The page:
NAHB Says Remodeling Recovered Despite Prices


The National Home Builders Association recently dubbed the home remodeling market “more than fully recovered” from the COVID-19 pandemic. The comments were made during an online press conference hosted by the association during the 2021 International Builders’ Show virtual experience earlier this month.

In addition to looking at current numbers, the NAHB forecasts that the residential improvements sector will continue to grow at a healthy pace for the next two years.

“After the dip at the beginning of the pandemic, remodeler confidence bounced back, and it continues to remain at a high level, as remodeling spending is expected to reach $285 billion in 2021,” said Vince Butler, CAPS, CGR, GMB, GMR, a remodeler from Clifton, Virginia.

“There is steady consumer demand as Americans are at home much more during the pandemic. This gives homeowners more time and a desire to invest in their homes.”

More specifically, over the next two years the NAHB predicts that remodeling spending for owner-occupied, single-family homes will increase 4% this year and another 2% next year.

Other professionals at the event moted that demand and backlog remain high, and the biggest factors that are prohibiting the sector to grow more are materials prices and labor shortages.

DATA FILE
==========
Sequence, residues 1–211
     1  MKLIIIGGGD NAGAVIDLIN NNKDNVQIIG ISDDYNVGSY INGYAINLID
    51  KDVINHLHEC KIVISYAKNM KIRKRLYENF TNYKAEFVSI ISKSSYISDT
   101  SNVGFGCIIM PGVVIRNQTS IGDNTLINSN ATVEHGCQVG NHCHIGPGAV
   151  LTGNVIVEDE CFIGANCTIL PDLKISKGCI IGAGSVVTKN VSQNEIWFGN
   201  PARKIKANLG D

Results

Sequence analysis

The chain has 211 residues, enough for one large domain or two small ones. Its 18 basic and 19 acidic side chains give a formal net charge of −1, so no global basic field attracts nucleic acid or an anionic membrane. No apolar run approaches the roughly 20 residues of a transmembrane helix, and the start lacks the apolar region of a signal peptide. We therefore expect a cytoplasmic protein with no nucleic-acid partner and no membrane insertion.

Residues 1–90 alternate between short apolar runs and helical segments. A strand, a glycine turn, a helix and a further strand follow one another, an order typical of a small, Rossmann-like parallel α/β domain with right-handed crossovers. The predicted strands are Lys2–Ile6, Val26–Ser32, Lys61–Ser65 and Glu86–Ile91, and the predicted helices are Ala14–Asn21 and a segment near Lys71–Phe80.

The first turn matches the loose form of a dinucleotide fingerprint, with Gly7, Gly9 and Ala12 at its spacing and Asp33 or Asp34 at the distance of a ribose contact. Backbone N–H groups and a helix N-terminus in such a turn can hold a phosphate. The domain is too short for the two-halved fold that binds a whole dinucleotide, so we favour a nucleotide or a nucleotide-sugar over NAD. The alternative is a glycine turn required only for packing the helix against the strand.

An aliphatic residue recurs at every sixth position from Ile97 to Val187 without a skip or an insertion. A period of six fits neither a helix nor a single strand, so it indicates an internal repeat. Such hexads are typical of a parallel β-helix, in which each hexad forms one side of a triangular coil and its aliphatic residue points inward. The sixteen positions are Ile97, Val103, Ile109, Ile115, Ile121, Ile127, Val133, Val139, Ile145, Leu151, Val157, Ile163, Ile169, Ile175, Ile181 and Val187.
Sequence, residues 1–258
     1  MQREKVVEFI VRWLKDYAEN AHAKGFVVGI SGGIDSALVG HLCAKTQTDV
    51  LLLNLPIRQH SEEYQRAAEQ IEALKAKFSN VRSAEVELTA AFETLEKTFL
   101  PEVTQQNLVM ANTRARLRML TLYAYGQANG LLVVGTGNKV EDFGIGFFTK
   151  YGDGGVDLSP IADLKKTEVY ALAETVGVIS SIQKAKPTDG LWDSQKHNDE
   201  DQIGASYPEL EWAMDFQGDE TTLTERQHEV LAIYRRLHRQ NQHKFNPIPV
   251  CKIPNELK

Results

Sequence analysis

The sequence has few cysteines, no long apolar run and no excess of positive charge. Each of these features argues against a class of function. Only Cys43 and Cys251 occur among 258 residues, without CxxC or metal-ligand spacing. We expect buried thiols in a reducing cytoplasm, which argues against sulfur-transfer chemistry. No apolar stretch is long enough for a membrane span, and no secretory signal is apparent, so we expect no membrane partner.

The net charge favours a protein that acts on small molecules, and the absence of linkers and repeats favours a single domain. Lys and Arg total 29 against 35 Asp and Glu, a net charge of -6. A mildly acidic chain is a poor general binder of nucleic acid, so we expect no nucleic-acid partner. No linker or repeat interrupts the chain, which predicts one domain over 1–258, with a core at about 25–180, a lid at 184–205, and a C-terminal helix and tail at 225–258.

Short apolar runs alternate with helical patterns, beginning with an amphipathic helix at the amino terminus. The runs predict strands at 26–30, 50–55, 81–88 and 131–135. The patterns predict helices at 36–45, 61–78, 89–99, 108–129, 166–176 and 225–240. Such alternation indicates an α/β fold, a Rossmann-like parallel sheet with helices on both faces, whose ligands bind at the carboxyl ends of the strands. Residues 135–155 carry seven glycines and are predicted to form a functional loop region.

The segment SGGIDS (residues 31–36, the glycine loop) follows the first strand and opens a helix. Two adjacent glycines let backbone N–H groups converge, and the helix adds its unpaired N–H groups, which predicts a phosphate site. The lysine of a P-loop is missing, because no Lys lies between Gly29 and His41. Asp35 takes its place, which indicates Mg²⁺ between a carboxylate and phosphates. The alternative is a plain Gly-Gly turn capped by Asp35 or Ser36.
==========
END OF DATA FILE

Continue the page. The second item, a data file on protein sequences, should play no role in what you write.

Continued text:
More Material Data

The material costs have been a recent topic of conversation with new statistics recently released from the Bureau of Labor Statistics’ Producer Price Index.

On the costs, the NAHB has said that the demand has helped to offset the supply chain challenges and keep business confidence up, though it’s recognized that this is hiking up the cost of homes.

“Lumber prices have been steadily rising this year and hit a record high in mid-February, adding thousands of dollars to the cost of a new home and causing some builders to abruptly halt projects at a time when inventories are already at all-time lows,” said NAHB Chairman Chuck Fowke, a custom home builder from Tampa, Florida. “Builders remain very focused on regulatory and other policy issues that could price out households seeking new homes in a tight market this year.”

Earlier this week, the NAHB released its own new estimates on lumber, noting that price have increased more than 180% since last spring, causing the price of an average new, single-family home to increase by $24,386 and the market value of the average new multifamily home to increase by $8,998.

According to the NAHB, the association calculated these increases based on the softwood lumber that goes into the average new home, as captured in the Builder Practices Survey conducted by Home Innovation Research Labs.

Included is any softwood used in structural framing, sheathing, flooring and underlayment, interior wall and ceiling finishing, cabinets, doors, windows, roofing, siding, soffit and fascia, and exterior features such as garages, porches, decks, railing, fences and landscape walls.


Tagged categories: Economy; Good Technical Practice; Market; Market data; NA; NAHB Remodelers Index; National Association of Home Builders (NAHB); North America; Residential Construction

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